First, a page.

5. Application for particulars to be supplied by the prosecution prior to the commencement of the plea.


Once the matter has been transferred to the District Court, you need to check the following:
1. Make sure that declaration delivery certificates have arrived. They are usually numbered so that you can ascertain that you have been in sequence.
2. I break up the brief into the following headings:
a. Civilian Witnesses,
b. Police Witnesses,
c. Forensic Witnesses.


I would sometimes then develop subheadings under those particular witnesses.
3. I would then check that I have received everything from the Prosecution.
4. I ask for criminal antecedent history of all civilian witnesses.
5. Closer to trial I ask for a witness list and in what order the witnesses are to be called.
6. I ask whether the charge in which the person has been arraigned on or laid in the District Court is the charge that will be proceeded with.
7. I also ask for the case management files/running sheets. In large matters that material will be available.
8. It is also important to think about what there is and what should be there. You should make an assessment of whether there should be a Special Directions Hearing. There are advantages and disadvantages. Sometimes, I have been able to use a Special Directions Hearing to have a judge inform the prosecution that the case is inherently weak and that they should get some instructions on whether they wish to proceed with the matter.
9. Sometimes it’s an advantage to ask for early allocation of the Judge so that any Pre-Trial return of Subpoena’s/ Pre-Trial Arguments may be had, prior to the commencement of the trial.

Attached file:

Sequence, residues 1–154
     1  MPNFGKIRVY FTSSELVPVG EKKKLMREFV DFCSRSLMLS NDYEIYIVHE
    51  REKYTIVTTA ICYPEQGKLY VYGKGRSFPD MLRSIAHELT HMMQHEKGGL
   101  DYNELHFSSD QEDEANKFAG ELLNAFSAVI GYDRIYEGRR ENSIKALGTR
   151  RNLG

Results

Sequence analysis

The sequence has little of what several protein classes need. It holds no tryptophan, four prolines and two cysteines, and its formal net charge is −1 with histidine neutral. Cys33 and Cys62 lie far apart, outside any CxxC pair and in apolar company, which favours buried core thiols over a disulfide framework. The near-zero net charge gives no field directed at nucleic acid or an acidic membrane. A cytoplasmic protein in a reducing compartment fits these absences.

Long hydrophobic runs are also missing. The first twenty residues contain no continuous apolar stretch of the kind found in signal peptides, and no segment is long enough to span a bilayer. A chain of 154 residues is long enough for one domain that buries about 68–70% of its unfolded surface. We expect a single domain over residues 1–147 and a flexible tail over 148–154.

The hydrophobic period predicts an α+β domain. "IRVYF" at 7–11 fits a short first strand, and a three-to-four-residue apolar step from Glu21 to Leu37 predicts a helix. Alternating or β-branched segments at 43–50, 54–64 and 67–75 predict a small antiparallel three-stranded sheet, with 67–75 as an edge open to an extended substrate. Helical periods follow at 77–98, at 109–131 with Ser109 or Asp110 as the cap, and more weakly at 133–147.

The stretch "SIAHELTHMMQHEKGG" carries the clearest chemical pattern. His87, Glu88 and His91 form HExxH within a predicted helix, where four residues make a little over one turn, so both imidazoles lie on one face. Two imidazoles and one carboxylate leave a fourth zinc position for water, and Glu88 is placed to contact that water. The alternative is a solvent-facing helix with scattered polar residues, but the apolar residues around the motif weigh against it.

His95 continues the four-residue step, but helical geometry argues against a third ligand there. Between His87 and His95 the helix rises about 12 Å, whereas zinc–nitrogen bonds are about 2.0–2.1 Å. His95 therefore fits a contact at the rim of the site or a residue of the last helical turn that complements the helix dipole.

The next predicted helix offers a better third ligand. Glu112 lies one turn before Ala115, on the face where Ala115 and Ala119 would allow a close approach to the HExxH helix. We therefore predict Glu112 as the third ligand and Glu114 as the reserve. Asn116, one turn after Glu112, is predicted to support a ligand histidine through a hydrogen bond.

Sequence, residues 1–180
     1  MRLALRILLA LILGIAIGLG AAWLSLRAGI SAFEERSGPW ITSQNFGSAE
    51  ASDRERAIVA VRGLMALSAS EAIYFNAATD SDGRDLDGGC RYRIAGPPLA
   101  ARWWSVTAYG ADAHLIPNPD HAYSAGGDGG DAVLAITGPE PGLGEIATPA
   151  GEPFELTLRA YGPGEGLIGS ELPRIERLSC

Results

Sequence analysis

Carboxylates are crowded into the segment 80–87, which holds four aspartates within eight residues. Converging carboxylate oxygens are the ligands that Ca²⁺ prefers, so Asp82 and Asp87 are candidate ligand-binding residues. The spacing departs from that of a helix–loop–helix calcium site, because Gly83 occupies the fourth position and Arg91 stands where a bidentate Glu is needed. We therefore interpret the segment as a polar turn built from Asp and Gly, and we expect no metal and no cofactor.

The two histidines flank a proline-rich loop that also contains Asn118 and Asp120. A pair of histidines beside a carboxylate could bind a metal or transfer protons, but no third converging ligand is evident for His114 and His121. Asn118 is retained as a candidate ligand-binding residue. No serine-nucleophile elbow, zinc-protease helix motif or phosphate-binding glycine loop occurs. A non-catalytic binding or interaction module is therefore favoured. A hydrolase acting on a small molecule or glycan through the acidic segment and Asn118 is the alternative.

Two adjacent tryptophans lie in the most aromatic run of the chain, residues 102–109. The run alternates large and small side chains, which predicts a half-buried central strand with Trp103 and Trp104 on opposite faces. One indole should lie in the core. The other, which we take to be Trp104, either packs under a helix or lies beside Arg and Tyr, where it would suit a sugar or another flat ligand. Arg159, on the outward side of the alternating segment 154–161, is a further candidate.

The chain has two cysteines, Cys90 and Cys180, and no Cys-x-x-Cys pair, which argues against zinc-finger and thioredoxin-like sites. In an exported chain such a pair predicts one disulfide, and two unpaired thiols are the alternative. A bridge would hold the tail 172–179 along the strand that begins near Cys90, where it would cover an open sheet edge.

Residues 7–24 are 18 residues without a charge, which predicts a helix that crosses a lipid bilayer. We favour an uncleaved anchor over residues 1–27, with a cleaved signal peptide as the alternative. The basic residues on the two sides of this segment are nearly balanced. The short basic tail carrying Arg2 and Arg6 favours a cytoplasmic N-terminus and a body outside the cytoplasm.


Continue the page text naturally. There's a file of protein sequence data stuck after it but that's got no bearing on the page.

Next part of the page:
10. If at all possible, ask for a copy of the Crown Opening prior to the actual opening taking place.
11. A decision must be made at some stage on the following:
a. Whether there is to be a defence opening,
b. Whether your client is to give evidence,
c. What witnesses are to be called and whether there are to be separate trial applications.
12. As the trial progresses the transcript will need to be summarised as you go. There needs to be a separate exhibit folder if at all possible.

-EXAMPLES OF CASES I HAVE BEEN INVOLVED IN-
Polyukhovich v Commonwealth [1991]

This matter was very well thought out. There was a case conference a year out from trial. A decision was made to reduce the trial and reduce the number of witnesses to be called. Michael David QC and Lindy Powell QC put a lot of thought into how the trial was to be run. There were a large number of civilian witnesses who were to be called to prove the holocaust. It was decided by defence that we would agree that the holocaust had occurred and as a result a large number of very emotional witnesses were not needed to be called by the prosecution.

DPP v POWELL
I was requested to take over this matter in a short period of time, prior to the matter being retried. To a large extent that matter was won by obtaining experts who I would spend a large amount of time talking to in order to obtain information and material to use for the purpose of cross examination. The use of Professor Ouveret from NSW was pivotal in that case, notwithstanding, we did not call him.

DPP v LY
Again, this was a matter that we took over for the appeal and then the re-trial. On the retrial we asked for particulars which the prosecution had difficulties supplying and a decision was made for an application for separate trials which we were successful in. We thereafter made a decision to enter a plea of guilty to Manslaughter which was accepted by the DPP and Mr Ly had time served.


DPP v BROUGHAM
I spent a lot of time proofing my client and in the end, his evidence had significantly improved. I was able to get him to answer the question without going off on tangents. You cannot underestimate the necessity to help your client give cogent evidence. They have to give their story. A colleague of mine interstate video tapes the examination and cross examination and then shows the video tape to the client so that they have a real appreciation of how they sound and how they look.


There is no excuse not to read the brief, listen to the telephone calls, read the transcripts.
There is no excuse not to interview witnesses and that includes the accused.
There is no excuse not to ask for and obtain all original materials and to adequately prepare for trial.
Trials are won or lost in the preparation and unless you spend an appropriate and adequate time undertaking preparation, then you are not being professional.


By Craig Caldicott.